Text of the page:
“We’re trying to blend both worlds so they complement each other”, said Tim Riley, director of online experience at eyewear brand Warby Parker. He spoke on a panel recently about web-based fashion companies at FIAF (French Institute/Alliance Francaise). Warby Parker is one of a number of fashion brands in the post-startup phase that’s ventured into retail space. Another panelist, Mollie Chen, editorial director of Birchbox, said the beauty products packager is planning to open its first store in SoHo.
Digital-only brands have long been perceived as more cost-effective since they don’t need to pay steep expenses for designing and maintaining posh locales and sales staff. But internet-based companies have found that online-only doesn’t work for all categories. The in-person experience also adds a valuable dimension, forming a holistic customer relationship.
These two brands tested the waters first before investing in retail locations.
Warby Parker and its affordable designer styles quickly caught on with eyeglass wearers, but Riley said early on many customers asked the company founder to stop by to try on the frames. Initially the try-ons, which turned into customer feedback sessions, took place at the founders’ apartment. A similar scenario continued at their showrooms, but that became too crowded.
After experimenting with pop-up stores and a mobile yellow school bus shop, management eventually decided that consumers wanted and needed an official in-person option. Warby Parker now has several retail stores, with three in New York City. Its most recent location on Manhattan’s Upper East Side is in a century-old former pharmacy. (window photo above)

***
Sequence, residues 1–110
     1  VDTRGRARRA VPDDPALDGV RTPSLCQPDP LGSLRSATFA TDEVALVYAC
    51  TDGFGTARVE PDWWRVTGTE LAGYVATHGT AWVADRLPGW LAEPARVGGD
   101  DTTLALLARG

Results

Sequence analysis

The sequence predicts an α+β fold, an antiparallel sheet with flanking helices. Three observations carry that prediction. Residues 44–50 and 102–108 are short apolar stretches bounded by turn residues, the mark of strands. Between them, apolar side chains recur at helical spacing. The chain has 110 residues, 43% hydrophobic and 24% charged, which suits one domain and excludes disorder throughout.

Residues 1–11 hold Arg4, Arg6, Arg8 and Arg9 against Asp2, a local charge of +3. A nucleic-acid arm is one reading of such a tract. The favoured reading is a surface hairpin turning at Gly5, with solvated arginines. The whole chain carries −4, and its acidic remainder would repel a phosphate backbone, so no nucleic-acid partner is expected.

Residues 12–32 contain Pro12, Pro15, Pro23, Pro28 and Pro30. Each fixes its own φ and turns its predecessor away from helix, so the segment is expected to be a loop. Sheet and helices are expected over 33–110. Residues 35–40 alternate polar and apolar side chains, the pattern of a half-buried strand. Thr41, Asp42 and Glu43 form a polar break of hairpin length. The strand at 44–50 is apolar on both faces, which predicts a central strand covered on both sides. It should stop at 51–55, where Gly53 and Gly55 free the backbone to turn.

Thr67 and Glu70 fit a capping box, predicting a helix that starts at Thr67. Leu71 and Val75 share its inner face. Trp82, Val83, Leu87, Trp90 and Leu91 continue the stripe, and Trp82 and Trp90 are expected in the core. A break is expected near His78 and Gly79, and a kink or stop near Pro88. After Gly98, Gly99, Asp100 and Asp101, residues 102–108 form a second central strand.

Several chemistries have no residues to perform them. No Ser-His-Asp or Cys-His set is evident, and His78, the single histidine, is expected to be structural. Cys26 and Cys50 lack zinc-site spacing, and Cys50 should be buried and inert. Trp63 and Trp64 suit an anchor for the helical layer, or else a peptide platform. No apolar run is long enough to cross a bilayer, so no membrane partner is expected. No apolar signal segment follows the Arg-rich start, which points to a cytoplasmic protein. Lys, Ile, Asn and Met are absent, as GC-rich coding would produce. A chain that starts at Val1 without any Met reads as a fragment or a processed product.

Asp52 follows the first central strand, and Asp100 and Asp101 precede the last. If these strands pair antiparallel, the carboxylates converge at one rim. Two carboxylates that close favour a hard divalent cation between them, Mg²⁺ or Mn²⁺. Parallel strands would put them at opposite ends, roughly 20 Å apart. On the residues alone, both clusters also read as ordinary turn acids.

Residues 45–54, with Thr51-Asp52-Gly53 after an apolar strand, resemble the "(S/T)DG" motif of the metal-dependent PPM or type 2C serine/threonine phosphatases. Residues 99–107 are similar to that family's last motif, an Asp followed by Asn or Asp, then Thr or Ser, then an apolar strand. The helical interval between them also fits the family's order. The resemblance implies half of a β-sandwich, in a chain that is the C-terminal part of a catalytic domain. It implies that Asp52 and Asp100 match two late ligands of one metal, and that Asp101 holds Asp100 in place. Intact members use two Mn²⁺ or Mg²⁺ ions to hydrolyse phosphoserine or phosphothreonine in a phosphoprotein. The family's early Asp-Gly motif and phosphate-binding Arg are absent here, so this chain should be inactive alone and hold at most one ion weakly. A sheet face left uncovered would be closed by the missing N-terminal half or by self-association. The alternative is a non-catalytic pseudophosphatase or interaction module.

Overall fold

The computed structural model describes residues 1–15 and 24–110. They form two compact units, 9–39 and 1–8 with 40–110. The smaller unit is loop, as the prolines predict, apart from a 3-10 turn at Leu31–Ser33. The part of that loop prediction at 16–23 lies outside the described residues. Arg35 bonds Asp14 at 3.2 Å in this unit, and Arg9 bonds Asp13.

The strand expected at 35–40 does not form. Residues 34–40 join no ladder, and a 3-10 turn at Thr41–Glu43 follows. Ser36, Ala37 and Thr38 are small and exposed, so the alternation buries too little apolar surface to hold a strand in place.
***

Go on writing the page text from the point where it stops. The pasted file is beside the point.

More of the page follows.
Birchbox is another brand looking forward to bricks and mortar. “Just because we’re an ecommerce brand doesn’t mean we’re limited to that”, said Chen. She noted that the subscription-based brand “makes beauty products accessible, allows customers to sample, adds context from editors, and provides the option to buy a whole set of products online later.” Birchbox sample boxes arrive in the mail in hot pink boxes, and as Chen noted, bloggers opening the colorful packages in YouTube videos helped to fuel the brand’s initial success.
After testing pop-up stores, Chen said Birchbox’s plans to open retail space will “bring the ease of in-person shopping and allow customers to obtain more information about our products”. The store will have interactive touch-screens, serving as a lab. She said they learned a lot from early adopters, adding, “Now it will be good to personally meet customers and hear their viewpoints.”
(images #2 and #3 courtesy of Warby Parker and Birchbox)
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